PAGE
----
Risks to owner financing

Keep in mind that the owner of the property may still run a credit check—and may decide against selling to you for any reason. And that’s assuming they’re into the idea in the first place.

There are risks for the buyer, too:

  • Higher rates. You often have to pay a higher interest rate on these deals. On the other hand, because these arrangements are short-term, you’ll probably pay less in interest overall.
  • Possible foreclosure. If the seller is carrying a mortgage on the property, the bank may have the ability—and the desire—to foreclose if the property is sold. You shouldn’t attempt an owner financing arrangement unless the seller owns the property free and clear.
  • That balloon payment. Most mortgages are 15- or 30-year terms, which means the payments are steady. The only adjustments that will be made will involve escrow costs for your property taxes and insurance payments—the actual mortgage payment is going to be the same month in and month out. But with seller financing, there’s almost always a balloon payment after just a few years, so you have to be prepared to cover that. If you’re counting on getting a mortgage 10 years from now and that falls through, you could wind up with nothing.
  • Legalese. An owner financing arrangement is a legal contract, so always, always hire a lawyer when entering into one. No matter how straightforward it might seem, you need expert legal advice before signing.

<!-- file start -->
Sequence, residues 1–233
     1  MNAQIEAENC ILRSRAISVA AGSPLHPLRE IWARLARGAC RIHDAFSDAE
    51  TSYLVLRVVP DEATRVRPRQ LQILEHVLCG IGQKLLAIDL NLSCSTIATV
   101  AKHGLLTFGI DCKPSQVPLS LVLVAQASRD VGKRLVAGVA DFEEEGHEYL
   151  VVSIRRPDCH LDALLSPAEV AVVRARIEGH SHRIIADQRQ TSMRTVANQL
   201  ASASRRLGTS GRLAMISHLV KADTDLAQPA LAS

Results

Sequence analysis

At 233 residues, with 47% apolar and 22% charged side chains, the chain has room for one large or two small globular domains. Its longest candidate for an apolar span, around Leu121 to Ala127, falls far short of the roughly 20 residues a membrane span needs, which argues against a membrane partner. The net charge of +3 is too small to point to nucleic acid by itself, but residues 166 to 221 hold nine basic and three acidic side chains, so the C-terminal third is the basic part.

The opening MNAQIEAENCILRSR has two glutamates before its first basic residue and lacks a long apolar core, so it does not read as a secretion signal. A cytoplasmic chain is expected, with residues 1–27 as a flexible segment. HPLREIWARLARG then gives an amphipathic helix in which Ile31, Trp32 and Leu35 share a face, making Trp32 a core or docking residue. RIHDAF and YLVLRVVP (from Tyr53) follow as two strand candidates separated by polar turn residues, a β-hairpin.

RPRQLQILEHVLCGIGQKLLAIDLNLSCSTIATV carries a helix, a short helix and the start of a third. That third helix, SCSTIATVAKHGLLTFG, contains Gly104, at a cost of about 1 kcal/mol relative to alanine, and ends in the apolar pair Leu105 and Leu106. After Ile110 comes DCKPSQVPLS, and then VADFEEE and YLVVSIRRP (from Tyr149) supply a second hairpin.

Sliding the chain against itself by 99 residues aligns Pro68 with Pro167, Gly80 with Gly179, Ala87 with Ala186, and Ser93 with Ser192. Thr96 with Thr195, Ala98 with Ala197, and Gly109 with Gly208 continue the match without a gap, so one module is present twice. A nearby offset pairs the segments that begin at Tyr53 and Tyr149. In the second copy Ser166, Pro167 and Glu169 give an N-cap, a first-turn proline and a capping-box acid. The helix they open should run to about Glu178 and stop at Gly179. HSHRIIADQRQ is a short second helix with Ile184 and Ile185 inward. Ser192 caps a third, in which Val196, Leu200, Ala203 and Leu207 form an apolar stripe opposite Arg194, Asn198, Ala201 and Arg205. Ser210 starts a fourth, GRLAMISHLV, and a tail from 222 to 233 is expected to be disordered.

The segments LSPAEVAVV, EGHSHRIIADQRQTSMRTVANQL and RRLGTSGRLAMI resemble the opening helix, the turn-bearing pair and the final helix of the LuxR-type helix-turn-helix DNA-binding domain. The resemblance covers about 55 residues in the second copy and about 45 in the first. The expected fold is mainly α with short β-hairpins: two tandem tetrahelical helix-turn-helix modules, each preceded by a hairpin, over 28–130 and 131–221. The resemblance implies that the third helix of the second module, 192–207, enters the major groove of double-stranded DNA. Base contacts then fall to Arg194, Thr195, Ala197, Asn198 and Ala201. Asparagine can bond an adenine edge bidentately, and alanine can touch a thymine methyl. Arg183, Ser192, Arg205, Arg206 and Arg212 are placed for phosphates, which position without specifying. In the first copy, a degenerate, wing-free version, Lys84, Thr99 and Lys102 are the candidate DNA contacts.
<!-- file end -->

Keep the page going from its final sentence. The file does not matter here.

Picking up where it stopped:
For the seller, the main risk is that the buyer stops making payments and then refuses to leave the property—or leaves it damaged and in need of expensive repairs.

Finding owner financing

All of that being said, owner financing is not exactly a common arrangement. There are a few ways you can try to identify owner financing opportunities:

  • Ask. If there’s a specific house you’re interested in buying, it’s always worth it to simply contact the seller and ask if they’d be open to exploring such an arrangement. Alternatively, if you’re renting a house or see houses for rent that fit your criteria, asking about an owner-financed purchase might find the landlord receptive.
  • Real estate apps. Real estate apps and search engines like Trulia or Redfin usually let you add owner financing as a variable in your searches.
  • Realtors. Local real estate professionals may know of property owners who are seeking or open to these sorts of sales. Making a few phone calls might do the trick.
  • FSBOs. People listing their homes as “for sale by owner” might be more open to owner financing, because they’re already looking to duck Realtor fees and handle things on their own.

One final note: Because owner financing deals are contracts, just about every aspect of the sale can be negotiated. Don’t make any assumptions and do make certain your attorney knows your needs and wants when they review any agreement. Finally, be certain you understand every detail before you sign.

Owner financing isn’t a typical way to buy a home, but it’s one more option. If you’ve explored traditional mortgages and come up short, this might be your way forward.